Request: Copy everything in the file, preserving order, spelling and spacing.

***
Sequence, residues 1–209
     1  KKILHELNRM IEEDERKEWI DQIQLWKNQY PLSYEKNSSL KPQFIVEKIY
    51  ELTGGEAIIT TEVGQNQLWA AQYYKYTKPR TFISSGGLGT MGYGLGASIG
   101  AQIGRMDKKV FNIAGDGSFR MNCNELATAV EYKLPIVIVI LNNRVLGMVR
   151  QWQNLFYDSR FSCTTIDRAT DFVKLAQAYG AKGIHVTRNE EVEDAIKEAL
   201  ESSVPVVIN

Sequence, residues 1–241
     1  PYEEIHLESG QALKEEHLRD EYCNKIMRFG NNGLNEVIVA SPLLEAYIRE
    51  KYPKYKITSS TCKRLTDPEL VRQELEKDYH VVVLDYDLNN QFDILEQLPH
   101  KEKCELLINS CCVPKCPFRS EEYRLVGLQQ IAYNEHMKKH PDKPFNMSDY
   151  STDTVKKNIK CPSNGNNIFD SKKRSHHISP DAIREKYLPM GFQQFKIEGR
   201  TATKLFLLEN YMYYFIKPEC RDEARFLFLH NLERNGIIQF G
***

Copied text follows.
Sequence, residues 1–209
     1  KKILHELNRM IEEDERKEWI DQIQLWKNQY PLSYEKNSSL KPQFIVEKIY
    51  ELTGGEAIIT TEVGQNQLWA AQYYKYTKPR TFISSGGLGT MGYGLGASIG
   101  AQIGRMDKKV FNIAGDGSFR MNCNELATAV EYKLPIVIVI LNNRVLGMVR
   151  QWQNLFYDSR FSCTTIDRAT DFVKLAQAYG AKGIHVTRNE EVEDAIKEAL
   201  ESSVPVVIN

Sequence, residues 1–241
     1  PYEEIHLESG QALKEEHLRD EYCNKIMRFG NNGLNEVIVA SPLLEAYIRE
    51  KYPKYKITSS TCKRLTDPEL VRQELEKDYH VVVLDYDLNN QFDILEQLPH
   101  KEKCELLINS CCVPKCPFRS EEYRLVGLQQ IAYNEHMKKH PDKPFNMSDY
   151  STDTVKKNIK CPSNGNNIFD SKKRSHHISP DAIREKYLPM GFQQFKIEGR
   201  TATKLFLLEN YMYYFIKPEC RDEARFLFLH NLERNGIIQF G